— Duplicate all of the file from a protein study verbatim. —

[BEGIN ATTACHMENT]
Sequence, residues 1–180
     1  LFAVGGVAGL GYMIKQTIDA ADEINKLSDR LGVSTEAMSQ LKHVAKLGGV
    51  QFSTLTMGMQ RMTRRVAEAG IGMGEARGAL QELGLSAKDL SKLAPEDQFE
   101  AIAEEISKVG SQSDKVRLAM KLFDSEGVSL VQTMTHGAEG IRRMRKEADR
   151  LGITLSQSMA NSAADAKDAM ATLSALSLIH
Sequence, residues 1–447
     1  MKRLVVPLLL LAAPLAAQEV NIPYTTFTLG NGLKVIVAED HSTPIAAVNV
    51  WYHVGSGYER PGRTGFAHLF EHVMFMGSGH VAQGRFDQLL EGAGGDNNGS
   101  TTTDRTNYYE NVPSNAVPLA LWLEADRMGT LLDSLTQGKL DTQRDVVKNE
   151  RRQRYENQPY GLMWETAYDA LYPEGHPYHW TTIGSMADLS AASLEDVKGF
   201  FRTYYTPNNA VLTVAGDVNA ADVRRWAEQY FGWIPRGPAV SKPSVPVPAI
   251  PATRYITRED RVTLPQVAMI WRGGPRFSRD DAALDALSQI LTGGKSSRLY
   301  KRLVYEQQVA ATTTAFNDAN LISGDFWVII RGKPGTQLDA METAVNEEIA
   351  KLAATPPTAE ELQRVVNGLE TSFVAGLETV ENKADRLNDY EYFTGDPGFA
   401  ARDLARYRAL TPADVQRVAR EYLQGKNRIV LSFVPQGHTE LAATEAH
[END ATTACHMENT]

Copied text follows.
Sequence, residues 1–180
     1  LFAVGGVAGL GYMIKQTIDA ADEINKLSDR LGVSTEAMSQ LKHVAKLGGV
    51  QFSTLTMGMQ RMTRRVAEAG IGMGEARGAL QELGLSAKDL SKLAPEDQFE
   101  AIAEEISKVG SQSDKVRLAM KLFDSEGVSL VQTMTHGAEG IRRMRKEADR
   151  LGITLSQSMA NSAADAKDAM ATLSALSLIH
Sequence, residues 1–447
     1  MKRLVVPLLL LAAPLAAQEV NIPYTTFTLG NGLKVIVAED HSTPIAAVNV
    51  WYHVGSGYER PGRTGFAHLF EHVMFMGSGH VAQGRFDQLL EGAGGDNNGS
   101  TTTDRTNYYE NVPSNAVPLA LWLEADRMGT LLDSLTQGKL DTQRDVVKNE
   151  RRQRYENQPY GLMWETAYDA LYPEGHPYHW TTIGSMADLS AASLEDVKGF
   201  FRTYYTPNNA VLTVAGDVNA ADVRRWAEQY FGWIPRGPAV SKPSVPVPAI
   251  PATRYITRED RVTLPQVAMI WRGGPRFSRD DAALDALSQI LTGGKSSRLY
   301  KRLVYEQQVA ATTTAFNDAN LISGDFWVII RGKPGTQLDA METAVNEEIA
   351  KLAATPPTAE ELQRVVNGLE TSFVAGLETV ENKADRLNDY EYFTGDPGFA
   401  ARDLARYRAL TPADVQRVAR EYLQGKNRIV LSFVPQGHTE LAATEAH